Cover

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Title Page

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pp. iii-iii

Copyright Page

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pp. iv-iv

Dedication Page

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pp. v-vi

Table of Contents

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pp. vii-viii

List of Illustrations

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pp. ix-x

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Preface

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pp. xi-xvi

Like Judaism, Puritanism was a profoundly discursive faith, and its practitioners were never more themselves than when they debated each other. In their own writing about and interaction with actual Jews, Puritans could be at once harshly judgmental and strangely admiring. Although their high ...

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Introduction:
“We Shall be Friends”: The European Background for Puritan Judeocentrism

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pp. 1-17

In the seventeenth century two European peoples sought safe haven, both in Holland and in the New World, from the imperial influence of the Roman Catholic Church. These two peoples shared a reverence for the Hebrew Bible, and they both sought spiritual edification through their ...

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Chapter 1. “Jews, Turks . . . and Anti-Christians”: Alien Encounters with Puritan Hebraism

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pp. 18-50

New England Puritans could never make up their minds about whether or how actual Jews were important. Right up until the end of the seventeenth century the arrival and temporary settlement of at least a dozen Jews in, respectively, Massachusetts, Connecticut, and Rhode Island eluded ...

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Chapter 2. “New-England is Seldom Wholly without them”: Boston’s Frazon Brothers and the Limits of Puritan Zeal

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pp. 51-85

On November 22, 1705, the Boston News-Letter’s correspondent in Barbados received word that Samuel Frazon, a Boston merchant of Sephardic parentage who was initially “feared to be Lost in coming from on board a Man of War” while sailing to Antigua from Boston had in fact ...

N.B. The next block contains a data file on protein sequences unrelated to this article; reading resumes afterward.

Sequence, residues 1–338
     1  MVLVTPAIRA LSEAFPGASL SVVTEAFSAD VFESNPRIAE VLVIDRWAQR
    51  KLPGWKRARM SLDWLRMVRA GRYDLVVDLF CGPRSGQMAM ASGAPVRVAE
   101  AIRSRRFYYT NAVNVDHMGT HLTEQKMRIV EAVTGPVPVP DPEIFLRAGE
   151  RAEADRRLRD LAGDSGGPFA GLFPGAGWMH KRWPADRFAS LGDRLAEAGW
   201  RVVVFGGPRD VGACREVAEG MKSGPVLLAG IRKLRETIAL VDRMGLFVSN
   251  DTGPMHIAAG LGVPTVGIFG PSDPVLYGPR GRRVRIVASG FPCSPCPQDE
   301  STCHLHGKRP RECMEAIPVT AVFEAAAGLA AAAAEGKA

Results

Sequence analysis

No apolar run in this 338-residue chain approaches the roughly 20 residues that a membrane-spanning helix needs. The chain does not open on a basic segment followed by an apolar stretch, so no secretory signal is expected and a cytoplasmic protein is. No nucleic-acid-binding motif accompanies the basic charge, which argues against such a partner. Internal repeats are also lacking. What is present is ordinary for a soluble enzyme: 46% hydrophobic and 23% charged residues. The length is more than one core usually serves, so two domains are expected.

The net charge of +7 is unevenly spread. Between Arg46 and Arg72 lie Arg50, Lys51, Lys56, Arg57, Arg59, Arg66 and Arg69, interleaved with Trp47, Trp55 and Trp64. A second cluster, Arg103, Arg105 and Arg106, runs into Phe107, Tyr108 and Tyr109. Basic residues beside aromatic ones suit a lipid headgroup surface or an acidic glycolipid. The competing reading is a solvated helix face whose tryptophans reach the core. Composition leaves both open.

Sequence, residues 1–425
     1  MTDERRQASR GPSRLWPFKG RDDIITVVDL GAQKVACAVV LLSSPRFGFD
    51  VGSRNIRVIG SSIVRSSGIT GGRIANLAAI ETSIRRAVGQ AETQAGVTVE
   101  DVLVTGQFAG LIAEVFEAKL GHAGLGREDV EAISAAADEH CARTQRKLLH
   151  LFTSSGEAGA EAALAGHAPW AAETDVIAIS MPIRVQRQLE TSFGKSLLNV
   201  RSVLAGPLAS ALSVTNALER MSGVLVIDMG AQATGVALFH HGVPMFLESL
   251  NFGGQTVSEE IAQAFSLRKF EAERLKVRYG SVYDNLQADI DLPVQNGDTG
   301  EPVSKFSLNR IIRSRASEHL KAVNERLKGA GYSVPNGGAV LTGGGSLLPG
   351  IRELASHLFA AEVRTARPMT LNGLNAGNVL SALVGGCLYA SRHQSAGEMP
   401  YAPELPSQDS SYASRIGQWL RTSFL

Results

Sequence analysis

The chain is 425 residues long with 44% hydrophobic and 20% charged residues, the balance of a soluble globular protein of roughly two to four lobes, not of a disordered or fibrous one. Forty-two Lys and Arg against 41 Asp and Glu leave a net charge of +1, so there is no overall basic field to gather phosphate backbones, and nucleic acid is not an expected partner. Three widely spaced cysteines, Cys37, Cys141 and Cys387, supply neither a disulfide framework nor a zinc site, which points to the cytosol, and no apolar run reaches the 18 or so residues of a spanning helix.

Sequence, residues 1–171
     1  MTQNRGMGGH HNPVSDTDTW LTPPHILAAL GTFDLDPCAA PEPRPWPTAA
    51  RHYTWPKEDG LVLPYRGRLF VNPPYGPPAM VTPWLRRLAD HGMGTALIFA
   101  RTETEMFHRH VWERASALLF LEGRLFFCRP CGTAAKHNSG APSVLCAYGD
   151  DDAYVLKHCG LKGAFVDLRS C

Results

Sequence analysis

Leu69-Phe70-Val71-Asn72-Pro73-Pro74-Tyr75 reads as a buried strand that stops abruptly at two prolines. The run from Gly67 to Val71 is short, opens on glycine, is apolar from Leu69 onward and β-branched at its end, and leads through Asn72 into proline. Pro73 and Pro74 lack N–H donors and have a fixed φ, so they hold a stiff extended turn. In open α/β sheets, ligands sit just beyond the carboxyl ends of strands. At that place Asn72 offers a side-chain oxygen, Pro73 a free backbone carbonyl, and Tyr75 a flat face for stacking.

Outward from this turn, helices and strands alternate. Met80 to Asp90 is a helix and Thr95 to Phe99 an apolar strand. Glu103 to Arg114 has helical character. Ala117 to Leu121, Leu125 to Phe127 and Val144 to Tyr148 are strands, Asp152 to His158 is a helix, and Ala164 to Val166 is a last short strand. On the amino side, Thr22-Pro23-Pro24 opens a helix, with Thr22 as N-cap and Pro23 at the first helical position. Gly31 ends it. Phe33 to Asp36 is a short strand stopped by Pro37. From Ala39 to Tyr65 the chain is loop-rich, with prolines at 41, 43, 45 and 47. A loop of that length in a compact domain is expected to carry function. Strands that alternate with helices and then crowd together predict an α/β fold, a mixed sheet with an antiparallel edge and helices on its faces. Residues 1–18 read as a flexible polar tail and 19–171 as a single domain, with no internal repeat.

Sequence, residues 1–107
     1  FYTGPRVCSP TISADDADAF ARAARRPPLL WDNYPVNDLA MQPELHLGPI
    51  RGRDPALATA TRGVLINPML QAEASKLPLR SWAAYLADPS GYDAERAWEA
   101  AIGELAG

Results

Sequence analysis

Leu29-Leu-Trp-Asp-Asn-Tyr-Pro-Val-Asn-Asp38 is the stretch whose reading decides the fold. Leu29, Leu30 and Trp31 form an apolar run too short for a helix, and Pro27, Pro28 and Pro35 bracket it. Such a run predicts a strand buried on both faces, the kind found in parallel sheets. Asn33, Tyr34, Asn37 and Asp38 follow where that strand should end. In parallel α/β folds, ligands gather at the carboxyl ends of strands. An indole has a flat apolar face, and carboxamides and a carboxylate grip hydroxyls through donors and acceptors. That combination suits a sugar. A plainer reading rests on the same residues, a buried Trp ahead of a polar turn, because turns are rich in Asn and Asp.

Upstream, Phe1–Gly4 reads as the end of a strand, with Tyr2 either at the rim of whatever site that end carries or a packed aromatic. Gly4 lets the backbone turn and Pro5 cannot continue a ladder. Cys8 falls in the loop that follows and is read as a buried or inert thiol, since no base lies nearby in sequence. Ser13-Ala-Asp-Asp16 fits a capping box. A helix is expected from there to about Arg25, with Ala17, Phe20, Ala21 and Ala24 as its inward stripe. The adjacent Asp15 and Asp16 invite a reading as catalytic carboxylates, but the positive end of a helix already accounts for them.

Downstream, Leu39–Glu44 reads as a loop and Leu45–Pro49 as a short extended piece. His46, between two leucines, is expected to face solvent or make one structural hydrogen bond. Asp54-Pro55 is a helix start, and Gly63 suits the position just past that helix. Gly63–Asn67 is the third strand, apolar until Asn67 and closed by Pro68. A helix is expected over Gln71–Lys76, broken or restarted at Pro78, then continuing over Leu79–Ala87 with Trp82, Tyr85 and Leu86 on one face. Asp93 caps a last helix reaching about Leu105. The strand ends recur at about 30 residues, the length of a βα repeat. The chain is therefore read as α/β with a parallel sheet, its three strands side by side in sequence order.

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Chapter 3. “A Jew Rarely Comes Over to us but he Brings Treasures with him”: The Conversion and Harvard Career of Judah Monis

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pp. 86-120

Cotton Mather’s failure to bring about a miracle with Samuel Frazon may have dampened his enthusiasm at the prospect of being an instrument of God’s merciful redemption of the Jews, but conversionminded New Englanders needed only to wait a few years before their prayers and efforts would achieve an even more fortuitous result. The ...

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Chapter 4. “A Handsome Assembly of People”: Jewish Settlement and the Refinement of New England Culture

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pp. 121-160

The development of a viable Jewish community in Newport, Rhode Island, in the 1750s coincided with what one historian has famously described as the evolution of religiously pious Puritans into commercially enterprising Yankees.1 Ironically, this increase in Jewish visibility also ...

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Chapter 5. “An Openness to Candour”: Scholarly Ecumenicism in Pre-Revolutionary Newport

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pp. 161-201

Isaac Touro, the Hazzan of Yeshuat Israel, was not the only member of Newport’s clergy to deliver a Thanksgiving sermon on November 28, 1765.1 Two short blocks from the new synagogue, Ezra Stiles addressed Newport’s Second Congregational Church on the same occasion. Born ...

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Chapter 6. “A most Valuable Citizen”: Moses Michael Hays and the Modernization of Boston

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pp. 202-236

Moses Michael Hays sought a private transformation when he quoted “The Great Mr. [Alexander] Pope” in his 1770 letter to Aaron Lopez and Jacob Rod Rivera,1 but the words he borrowed from the English poet’s “Essay on Man” spoke as well to cultural changes that were ascendant ...

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Conclusion: “Gone are the Living but the Dead Remain”: The Jewish Legacy in Nineteenth-Century New England

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pp. 237-248

In February 1790 Manuel Josephson, president of Philadelphia’s Mikveh Israel congregation, wrote to Moses Seixas of Newport about the “capricious & whimsical disposition of some of the individuals” associated with the Rhode Island synagogue. The Philadelphian reflected on the ...

Notes

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pp. 249-276

Index

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pp. 277-280

Back Cover

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